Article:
Psychopathy: Theory, Research and Implications for Society

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D.J. Cooke, Adelle E. Forth, Robert D. Hare
Springer Science & Business Media, Dec 31, 1997 - Psychology - 428 pages
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Psychopathy is a very important concept for those working in the field of criminal justice - investigators, prosecutors, and those who have to evaluate, manage and treat offenders. In Psychopathy: Theory, Research and Implications for Society, detailed, empirically based contributions by the world's leading researchers describe the relevance of the construct to practical and policy issues, examining its relevance to such topics as treatment, risk management and recidivism. The use of the concept in a range of populations is discussed, including juveniles, children, and the mentally disordered, as well as across cultures. The major strength of the volume is that the validity of the psychopathy construct is enhanced by the extensive empirical support: contributors explore topics including the genetic, biological, affective, interpersonal and information processing models that underpin the disorder.
Audience: All those dealing with offenders - psychologists, psychiatrists, lawyers, judges, prison administrators and those who formulate policy in the criminal justice system.

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Psychopathy Across Cultures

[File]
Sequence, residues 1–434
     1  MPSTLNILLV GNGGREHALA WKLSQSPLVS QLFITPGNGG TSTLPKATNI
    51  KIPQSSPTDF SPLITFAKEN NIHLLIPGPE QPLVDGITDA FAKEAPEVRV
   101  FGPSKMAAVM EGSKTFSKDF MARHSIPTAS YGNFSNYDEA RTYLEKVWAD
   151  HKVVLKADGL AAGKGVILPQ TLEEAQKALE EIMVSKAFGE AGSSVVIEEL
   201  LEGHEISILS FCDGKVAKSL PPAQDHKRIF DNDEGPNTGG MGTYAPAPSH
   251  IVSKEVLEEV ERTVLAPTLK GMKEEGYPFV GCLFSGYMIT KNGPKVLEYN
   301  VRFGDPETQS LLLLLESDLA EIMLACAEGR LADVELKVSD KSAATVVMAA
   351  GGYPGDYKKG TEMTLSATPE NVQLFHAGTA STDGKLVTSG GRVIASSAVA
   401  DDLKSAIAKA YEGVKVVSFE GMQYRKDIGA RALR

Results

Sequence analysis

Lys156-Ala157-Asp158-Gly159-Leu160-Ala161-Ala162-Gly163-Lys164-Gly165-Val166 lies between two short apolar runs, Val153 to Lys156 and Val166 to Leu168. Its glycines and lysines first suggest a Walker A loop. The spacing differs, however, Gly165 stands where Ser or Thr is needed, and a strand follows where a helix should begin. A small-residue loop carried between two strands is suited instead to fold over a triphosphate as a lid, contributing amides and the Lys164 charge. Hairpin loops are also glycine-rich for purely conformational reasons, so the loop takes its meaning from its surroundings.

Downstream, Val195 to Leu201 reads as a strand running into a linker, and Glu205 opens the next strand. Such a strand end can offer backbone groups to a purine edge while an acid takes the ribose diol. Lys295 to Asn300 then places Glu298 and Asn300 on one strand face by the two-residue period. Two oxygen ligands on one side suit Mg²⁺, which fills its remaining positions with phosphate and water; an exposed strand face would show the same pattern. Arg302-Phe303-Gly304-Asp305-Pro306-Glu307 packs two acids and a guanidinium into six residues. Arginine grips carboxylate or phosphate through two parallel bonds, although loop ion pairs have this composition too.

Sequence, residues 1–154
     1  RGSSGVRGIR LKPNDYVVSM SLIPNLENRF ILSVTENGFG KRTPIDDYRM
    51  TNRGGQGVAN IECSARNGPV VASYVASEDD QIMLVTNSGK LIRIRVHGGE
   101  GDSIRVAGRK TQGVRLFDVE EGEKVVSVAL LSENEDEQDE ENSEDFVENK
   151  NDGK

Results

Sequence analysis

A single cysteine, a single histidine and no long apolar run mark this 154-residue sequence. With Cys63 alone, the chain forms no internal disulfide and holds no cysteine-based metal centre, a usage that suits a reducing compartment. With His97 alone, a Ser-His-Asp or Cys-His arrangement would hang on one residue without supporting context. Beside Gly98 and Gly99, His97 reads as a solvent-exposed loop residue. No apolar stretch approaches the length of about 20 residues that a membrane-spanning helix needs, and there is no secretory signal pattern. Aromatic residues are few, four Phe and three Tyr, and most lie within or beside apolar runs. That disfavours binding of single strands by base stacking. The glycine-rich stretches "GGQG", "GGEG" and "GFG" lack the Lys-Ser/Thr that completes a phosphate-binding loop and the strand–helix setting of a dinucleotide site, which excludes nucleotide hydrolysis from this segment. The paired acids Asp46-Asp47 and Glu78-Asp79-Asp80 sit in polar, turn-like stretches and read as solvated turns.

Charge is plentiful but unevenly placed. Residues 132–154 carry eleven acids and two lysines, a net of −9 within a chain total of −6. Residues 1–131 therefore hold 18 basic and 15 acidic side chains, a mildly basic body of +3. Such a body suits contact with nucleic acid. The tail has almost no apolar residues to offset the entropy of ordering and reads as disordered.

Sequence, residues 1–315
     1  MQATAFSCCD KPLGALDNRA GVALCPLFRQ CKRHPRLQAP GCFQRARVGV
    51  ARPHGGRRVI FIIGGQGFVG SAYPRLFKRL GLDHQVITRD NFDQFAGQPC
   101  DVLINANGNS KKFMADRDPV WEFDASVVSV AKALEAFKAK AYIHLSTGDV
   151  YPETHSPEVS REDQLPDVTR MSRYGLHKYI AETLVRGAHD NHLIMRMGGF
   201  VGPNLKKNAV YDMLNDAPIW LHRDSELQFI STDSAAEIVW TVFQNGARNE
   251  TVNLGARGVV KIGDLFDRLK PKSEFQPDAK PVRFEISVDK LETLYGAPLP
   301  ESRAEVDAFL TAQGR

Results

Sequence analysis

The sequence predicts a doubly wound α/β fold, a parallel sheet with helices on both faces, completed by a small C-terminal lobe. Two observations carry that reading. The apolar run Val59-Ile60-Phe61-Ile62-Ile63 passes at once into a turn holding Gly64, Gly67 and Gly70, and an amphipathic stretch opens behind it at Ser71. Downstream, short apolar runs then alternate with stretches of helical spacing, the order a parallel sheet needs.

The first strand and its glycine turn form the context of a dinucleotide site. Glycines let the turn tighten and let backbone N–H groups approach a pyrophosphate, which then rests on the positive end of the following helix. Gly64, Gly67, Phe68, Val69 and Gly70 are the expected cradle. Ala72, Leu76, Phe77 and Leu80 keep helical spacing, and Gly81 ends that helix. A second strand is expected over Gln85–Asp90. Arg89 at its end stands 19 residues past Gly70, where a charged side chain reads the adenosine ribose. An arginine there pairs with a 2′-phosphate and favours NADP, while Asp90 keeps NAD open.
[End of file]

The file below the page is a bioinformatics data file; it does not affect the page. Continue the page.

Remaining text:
Psychopathy and Normal Personality
The Phenotypic and Genotypic Structure of Psychopathic Traits
Psychopathic Behavior An Information Processing Perspective
Psychopathy Affect and Behavior
Biology and Personality Findings from a Longitudinal Project
CallousUnemotional Traits and Conduct Problems Applying the TwoFactor Model of Psychopathy to Children
Major Mental Disorder and Crime An Etiological Hypothesis
Comorbidity of Psychopathy with Major Mental Disorders
Psychopathy and Personality Disorder Implications of Interpersonal Theory
Treatment and Management of Psychopaths
Psychopathy and Risk for Violence
Psychopathy and Crime Recidivism and Criminal Careers
Legal Issues Associated with the Concept of Psychopathy

Comorbidities and Biological Correlates of Conduct Disorder
Psychopathy in Adolescence Assessment Violence and Developmental Precursors

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About the author (1997)

Robert D. Hare, Ph.D., is the author of Without Conscience and the creator of the standard tool for diagnosing psychopathy. He is an emeritus professor of psychology at the University of British Columbia, and president of Darkstone Research Group, a forensic research and consulting firm. He has won numerous awards for his research, lectures widely on psychopathy, and consults with law enforcement organizations, including the FBI. He lives in Vancouver, British Columbia, with his wife.

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